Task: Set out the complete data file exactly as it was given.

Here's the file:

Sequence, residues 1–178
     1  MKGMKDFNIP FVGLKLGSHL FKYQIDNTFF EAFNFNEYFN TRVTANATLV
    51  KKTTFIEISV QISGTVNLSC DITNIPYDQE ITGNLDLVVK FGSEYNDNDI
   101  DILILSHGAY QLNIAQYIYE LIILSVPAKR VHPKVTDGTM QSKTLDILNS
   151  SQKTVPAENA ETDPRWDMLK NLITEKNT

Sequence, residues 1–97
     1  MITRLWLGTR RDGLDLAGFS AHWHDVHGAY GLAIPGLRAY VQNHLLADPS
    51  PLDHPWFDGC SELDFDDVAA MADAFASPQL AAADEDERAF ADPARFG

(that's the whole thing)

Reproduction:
Sequence, residues 1–178
     1  MKGMKDFNIP FVGLKLGSHL FKYQIDNTFF EAFNFNEYFN TRVTANATLV
    51  KKTTFIEISV QISGTVNLSC DITNIPYDQE ITGNLDLVVK FGSEYNDNDI
   101  DILILSHGAY QLNIAQYIYE LIILSVPAKR VHPKVTDGTM QSKTLDILNS
   151  SQKTVPAENA ETDPRWDMLK NLITEKNT

Sequence, residues 1–97
     1  MITRLWLGTR RDGLDLAGFS AHWHDVHGAY GLAIPGLRAY VQNHLLADPS
    51  PLDHPWFDGC SELDFDDVAA MADAFASPQL AAADEDERAF ADPARFG